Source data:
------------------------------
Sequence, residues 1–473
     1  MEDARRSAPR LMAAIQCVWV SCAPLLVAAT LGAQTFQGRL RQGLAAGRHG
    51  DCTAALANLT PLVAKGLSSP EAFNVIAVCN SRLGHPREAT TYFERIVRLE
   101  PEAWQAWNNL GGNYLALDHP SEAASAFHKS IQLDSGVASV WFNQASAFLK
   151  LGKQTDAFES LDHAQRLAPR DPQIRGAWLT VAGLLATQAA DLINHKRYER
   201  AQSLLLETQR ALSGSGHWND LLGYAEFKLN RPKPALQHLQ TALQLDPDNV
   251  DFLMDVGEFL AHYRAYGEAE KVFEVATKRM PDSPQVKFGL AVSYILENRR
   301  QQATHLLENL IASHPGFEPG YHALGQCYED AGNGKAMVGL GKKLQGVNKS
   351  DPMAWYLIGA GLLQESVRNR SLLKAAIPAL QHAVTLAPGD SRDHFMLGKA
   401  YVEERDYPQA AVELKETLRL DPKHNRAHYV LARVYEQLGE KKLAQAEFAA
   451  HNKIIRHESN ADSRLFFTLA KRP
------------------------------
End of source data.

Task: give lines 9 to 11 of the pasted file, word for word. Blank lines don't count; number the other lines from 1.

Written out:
   351  DPMAWYLIGA GLLQESVRNR SLLKAAIPAL QHAVTLAPGD SRDHFMLGKA
   401  YVEERDYPQA AVELKETLRL DPKHNRAHYV LARVYEQLGE KKLAQAEFAA
   451  HNKIIRHESN ADSRLFFTLA KRP